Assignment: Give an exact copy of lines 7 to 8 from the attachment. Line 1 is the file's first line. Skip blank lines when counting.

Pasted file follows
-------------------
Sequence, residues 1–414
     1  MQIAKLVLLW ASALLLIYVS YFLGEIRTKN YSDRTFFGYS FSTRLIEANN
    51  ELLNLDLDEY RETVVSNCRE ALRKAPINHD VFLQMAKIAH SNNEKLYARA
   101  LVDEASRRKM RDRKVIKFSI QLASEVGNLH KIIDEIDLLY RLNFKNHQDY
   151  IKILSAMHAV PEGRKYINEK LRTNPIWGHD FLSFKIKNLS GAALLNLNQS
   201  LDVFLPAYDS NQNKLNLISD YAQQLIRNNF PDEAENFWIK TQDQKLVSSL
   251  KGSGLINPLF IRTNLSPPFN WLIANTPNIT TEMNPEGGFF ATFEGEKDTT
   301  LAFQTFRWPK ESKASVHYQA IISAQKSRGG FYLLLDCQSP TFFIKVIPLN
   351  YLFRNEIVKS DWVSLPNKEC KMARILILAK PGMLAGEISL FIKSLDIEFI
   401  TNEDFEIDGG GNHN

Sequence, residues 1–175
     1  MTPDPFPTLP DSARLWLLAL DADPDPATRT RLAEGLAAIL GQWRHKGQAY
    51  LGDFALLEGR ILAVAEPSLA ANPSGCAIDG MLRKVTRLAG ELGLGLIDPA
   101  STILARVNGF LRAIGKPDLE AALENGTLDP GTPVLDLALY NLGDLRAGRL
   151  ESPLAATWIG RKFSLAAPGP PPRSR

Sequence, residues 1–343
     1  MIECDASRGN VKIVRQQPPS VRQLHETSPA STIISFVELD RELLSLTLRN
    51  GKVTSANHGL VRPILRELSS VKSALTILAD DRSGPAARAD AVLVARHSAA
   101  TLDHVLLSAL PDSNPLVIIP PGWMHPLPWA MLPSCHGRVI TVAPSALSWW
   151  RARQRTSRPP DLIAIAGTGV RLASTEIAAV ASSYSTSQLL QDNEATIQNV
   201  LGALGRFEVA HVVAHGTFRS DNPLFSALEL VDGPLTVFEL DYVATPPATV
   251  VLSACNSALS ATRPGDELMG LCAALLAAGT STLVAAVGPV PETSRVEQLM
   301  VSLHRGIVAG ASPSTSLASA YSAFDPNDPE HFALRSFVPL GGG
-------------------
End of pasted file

   251  KGSGLINPLF IRTNLSPPFN WLIANTPNIT TEMNPEGGFF ATFEGEKDTT
   301  LAFQTFRWPK ESKASVHYQA IISAQKSRGG FYLLLDCQSP TFFIKVIPLN